Finding the Value of Properties
Did you know there is a straightforward way to estimate out how much a property is worth? Without hiring an appraiser? A Comparative Market Analysis (CMA) can be done by your real estate agent and usually for free. The CMA will give you a good opinion of a property’s value to help you make the best decisions.
Typically, if you are a homebuyer or real estate investor looking to “go it your own” with property estimates, you might be trying to do the following things:
– You check the assessor’s site.
– You look at estimates from some of the leading real estate websites.
– You try to get the seller to give you appraisal data (fat chance!)
– You look at other comparable properties in your area.
When searching for any piece of real estate, whether it’s for a primary residence or investment property, you want to know its value to determine whether or not you are getting a good deal. That’s true anytime you get involved with real estate. Fortunately, if you’re buying a personal residence, the bank won’t lend you money if the appraised value is too much lower than the asking price. The bank gives you a “reality check” in this case. When you’re buying an investment property, it doesn’t work this way. Even if the appraised value is the same as the asking price, it may not fit your cash flow model. You could still negative cash flow with a property you bought at market value if the rent market is too “cheap.”
Of course, the appraisal comes late in the purchasing process. In fact, it shows up during the due diligence phase unless you pay to have it done sooner. You don’t want to hire an appraiser for every property that catches your eye since you could pay $300-400 for every appraisal that’s done.
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Enter the Comparative Market Analysis
A Comparative Market Analysis (CMA), which can be done by your real estate agent or broker, will give you a solid opinion on what the property is worth. This is not only great for selling your house, but useful for negotiating the best deals. In short, it works as follows:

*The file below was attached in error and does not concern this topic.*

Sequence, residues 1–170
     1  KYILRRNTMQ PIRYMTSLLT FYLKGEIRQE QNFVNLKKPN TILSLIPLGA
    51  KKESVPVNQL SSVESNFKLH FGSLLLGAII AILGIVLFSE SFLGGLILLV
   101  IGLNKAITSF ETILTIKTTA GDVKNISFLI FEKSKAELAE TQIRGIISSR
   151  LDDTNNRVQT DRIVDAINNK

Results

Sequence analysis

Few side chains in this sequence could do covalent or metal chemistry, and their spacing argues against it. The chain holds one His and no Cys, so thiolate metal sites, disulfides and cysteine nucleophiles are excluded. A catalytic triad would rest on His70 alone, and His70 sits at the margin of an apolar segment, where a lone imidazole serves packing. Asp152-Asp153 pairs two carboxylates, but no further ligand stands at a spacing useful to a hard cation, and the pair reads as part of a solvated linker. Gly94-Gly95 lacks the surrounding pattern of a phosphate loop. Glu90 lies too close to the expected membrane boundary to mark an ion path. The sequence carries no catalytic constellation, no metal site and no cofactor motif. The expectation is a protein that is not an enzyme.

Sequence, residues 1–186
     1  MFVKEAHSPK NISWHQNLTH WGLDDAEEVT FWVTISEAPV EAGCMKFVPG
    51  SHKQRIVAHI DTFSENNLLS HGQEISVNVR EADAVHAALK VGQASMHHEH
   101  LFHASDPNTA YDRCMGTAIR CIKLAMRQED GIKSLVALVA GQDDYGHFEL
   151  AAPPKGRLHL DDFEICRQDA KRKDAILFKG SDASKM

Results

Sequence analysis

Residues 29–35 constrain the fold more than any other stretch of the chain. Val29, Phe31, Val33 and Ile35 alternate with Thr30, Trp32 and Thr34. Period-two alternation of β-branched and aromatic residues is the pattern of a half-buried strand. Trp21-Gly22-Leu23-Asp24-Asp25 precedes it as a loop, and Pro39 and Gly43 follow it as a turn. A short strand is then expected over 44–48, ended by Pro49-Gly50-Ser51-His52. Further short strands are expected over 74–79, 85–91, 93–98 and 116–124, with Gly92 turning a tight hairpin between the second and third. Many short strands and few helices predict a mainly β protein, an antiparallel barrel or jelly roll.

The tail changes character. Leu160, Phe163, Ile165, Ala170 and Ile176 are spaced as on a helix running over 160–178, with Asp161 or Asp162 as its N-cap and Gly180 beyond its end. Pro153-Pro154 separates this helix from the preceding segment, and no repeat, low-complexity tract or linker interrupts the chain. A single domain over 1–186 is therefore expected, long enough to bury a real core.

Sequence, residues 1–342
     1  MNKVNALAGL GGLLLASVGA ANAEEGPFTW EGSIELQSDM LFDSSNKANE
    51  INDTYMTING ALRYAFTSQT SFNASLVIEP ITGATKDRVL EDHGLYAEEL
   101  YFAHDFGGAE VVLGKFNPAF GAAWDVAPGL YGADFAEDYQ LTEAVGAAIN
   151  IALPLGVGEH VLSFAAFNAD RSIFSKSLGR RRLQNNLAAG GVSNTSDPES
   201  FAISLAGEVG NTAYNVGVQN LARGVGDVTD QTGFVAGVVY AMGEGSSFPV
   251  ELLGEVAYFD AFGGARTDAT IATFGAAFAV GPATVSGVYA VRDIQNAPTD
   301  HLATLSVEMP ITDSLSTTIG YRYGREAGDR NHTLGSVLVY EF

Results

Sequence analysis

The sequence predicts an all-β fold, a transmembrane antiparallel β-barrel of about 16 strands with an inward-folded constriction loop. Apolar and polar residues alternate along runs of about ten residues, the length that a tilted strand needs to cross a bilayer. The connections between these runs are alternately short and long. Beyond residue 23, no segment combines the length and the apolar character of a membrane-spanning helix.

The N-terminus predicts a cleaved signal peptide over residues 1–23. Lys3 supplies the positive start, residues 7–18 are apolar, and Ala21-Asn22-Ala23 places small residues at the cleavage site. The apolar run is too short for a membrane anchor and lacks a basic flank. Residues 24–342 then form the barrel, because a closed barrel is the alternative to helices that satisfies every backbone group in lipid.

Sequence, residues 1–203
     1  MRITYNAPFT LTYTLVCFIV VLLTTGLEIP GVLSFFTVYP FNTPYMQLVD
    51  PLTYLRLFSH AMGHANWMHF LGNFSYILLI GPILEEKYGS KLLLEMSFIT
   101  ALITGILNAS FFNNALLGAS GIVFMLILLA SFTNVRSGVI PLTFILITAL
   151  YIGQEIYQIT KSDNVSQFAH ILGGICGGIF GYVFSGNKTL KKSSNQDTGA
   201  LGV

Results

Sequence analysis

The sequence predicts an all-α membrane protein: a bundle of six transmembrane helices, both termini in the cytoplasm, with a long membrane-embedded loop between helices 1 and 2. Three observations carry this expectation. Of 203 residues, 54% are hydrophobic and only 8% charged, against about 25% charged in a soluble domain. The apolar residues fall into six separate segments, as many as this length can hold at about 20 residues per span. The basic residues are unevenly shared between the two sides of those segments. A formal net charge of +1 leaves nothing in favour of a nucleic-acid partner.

– Find comparable properties in the same neighborhood as the property you want to analyze
– Compare a number of amenities such as:
- Bedrooms, full/half baths
- New appliances, built-ins, raised ceilings
- Carpet, existing tile, brick/stone siding
- Size of garage
- Wood deck, fenced yard, shed
- Size of yard, home sq. footage
– After your comparisons, you will want to deduct or increase the price of the comparables when you find differences.
– Once your adjusted price is determined, average the comparables to get a recommended price range.
Of course this is just a high level overview of what the Comparative Market Analysis (CMA) is about and it is a science within itself. Your real estate agent/broker is more than happy to perform this for you and value each amenity accurately, depending on your target market.
Remember, that a Comparative Market Analysis (CMA) is an opinion of value and not to be taken as an actual appraisal. An appraisal usually has to be done by a state licensed or certified appraiser, so if you get good at CMAs and share the results with others, ensure that they are well aware this is just an opinion and not a real appraisal. In most states, even real estate brokers and agents aren’t allowed to perform appraisals without proper certification, which is why CMAs are a popular substitute. Anyone is “allowed to” do a Comparative Market Analysis but ensure you work wtih a professional to ensure you are finding the right comparable properties and doing the correct calculations. Just because someone will do a CMA for you, doesn’t mean they know the right way to do it!